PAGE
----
Read more.

Andrew Malcolm wrote at Investors Business Daily about how Governor Palin connects with her audience.

No wonder CPAC saved Sarah for last. And adjourned the conference during her applause.

No one in their right mind would go on-stage after Palin’s political palaver. People who dislike or fear her are incapable of seeing or admitting it. But that doesn’t diminish the reality that Palin is a rare political celebrity and, therefore, an unharnessed power to be reckoned with within the GOP for the foreseeable future.

We’re not talking about her running for any office. We’re talking about her influence, her enduring proven ability to attract and then ignite a crowd — even before anyone sees her. The CPAC buzz was electric all-day. Impatient “Sar-ah! Sar-ah!” chants broke out during preceding speakers.

She has the ability to speak about issues that profoundly bother the audience in common ways and words that listeners instantly recognize and wish they had thought to say just that way. Watch in the video below of her full CPAC speech for how this church-going mother of five mocks Obama’s Winning the Future program with an almost off-color aside. And prompts shared laughter, not shock.

She gets immense unspoken credit for withstanding an amazing amount of abuse and keeping on ticking. Palin punches have power, like her elbows beneath the basket in high school athletic days. One supporter said to me, as if it was the highest contemporary compliment possible, “She fights like a girl!”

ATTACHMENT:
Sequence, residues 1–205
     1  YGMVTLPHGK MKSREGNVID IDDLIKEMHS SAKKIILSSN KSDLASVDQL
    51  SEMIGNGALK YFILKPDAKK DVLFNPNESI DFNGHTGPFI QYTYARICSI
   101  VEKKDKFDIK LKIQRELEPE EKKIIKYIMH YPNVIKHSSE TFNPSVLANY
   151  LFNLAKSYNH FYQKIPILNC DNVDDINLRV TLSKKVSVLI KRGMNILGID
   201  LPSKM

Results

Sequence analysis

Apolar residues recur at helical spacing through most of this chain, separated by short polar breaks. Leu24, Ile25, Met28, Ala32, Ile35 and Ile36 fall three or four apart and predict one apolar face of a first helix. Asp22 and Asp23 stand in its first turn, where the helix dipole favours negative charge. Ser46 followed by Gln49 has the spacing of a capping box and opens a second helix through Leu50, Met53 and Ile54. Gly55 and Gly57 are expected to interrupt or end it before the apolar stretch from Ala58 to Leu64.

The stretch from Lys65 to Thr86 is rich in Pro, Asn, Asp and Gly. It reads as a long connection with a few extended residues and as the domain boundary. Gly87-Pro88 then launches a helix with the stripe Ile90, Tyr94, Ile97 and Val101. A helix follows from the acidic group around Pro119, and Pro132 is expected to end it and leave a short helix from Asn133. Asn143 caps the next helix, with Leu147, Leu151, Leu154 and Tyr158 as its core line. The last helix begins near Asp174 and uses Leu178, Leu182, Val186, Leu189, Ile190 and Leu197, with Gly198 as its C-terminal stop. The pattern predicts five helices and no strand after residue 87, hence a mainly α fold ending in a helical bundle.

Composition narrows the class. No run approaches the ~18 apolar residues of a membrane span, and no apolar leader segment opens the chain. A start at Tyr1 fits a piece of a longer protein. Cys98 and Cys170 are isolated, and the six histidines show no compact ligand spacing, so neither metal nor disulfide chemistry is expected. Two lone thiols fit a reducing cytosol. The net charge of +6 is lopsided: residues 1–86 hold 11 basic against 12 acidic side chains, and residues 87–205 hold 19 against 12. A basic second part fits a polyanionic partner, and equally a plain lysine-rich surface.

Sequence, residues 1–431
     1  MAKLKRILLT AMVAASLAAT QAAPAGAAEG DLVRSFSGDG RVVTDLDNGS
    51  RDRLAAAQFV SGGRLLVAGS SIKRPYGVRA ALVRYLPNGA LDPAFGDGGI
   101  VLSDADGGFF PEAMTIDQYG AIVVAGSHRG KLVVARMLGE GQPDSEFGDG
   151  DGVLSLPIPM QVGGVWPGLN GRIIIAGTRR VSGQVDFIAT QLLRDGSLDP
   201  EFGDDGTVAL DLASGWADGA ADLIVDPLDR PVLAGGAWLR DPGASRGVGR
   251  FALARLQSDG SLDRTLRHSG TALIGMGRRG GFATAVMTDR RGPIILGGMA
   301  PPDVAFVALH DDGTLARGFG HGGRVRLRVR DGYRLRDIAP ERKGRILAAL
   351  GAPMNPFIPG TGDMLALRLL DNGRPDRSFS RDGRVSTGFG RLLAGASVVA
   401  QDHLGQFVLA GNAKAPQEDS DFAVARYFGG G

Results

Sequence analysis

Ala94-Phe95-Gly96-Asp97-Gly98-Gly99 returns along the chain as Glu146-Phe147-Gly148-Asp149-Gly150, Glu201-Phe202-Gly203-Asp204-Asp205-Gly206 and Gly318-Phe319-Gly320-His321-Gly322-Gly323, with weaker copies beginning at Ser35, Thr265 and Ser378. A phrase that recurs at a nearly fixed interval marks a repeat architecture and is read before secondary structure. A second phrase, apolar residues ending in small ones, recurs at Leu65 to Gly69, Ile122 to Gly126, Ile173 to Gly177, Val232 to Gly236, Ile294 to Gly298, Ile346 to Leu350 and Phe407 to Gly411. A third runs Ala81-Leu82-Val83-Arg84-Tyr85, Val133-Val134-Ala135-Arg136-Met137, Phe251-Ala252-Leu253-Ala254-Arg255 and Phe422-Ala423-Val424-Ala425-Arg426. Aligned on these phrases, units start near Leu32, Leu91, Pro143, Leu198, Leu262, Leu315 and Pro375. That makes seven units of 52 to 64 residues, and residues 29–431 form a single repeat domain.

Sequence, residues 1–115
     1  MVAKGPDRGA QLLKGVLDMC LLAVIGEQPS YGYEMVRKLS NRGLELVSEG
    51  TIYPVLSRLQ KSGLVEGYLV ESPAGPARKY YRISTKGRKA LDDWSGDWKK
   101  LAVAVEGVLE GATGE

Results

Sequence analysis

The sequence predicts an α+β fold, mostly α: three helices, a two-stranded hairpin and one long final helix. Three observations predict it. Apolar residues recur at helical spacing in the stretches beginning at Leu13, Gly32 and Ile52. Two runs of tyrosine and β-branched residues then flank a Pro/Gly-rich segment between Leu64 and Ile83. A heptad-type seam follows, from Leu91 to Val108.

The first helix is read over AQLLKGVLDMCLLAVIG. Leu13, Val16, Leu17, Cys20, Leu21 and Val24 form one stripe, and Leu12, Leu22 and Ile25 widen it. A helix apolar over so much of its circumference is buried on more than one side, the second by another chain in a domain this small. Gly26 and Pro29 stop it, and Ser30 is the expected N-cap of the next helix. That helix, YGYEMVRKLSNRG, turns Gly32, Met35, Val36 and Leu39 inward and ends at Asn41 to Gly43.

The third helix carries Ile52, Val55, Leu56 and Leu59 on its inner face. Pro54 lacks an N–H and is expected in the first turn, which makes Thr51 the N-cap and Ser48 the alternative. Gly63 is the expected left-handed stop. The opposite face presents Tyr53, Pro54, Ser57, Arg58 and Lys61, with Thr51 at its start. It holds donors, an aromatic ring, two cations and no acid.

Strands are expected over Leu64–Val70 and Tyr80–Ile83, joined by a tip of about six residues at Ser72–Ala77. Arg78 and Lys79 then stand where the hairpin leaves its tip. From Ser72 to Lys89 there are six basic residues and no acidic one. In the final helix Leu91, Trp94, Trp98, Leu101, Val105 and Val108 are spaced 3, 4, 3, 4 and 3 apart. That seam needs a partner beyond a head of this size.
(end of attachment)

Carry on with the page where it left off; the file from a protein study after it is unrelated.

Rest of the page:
Most politicians these days talk to their audiences or, worse, at them. Even the Real Good Talker, who made his name on a 2004 convention speech and has been giving too many ever since. Governing is hard work. Campaigning is tiring, but much easier. So, he has been and will be campaigning, blaming others as usual.


Instead, instinctively Palin doesn’t speak at or to audiences. She speaks for them. She tells them what they’ve already accomplished through the tea party, for instance, and what they can accomplish this year and beyond if united. It’s empowering and invigorating, no longer burdened by the attacks of enemies, she need play no defense. The audience hears that she knows them and eagerly becomes hers. To criticize Sarah is to criticize them.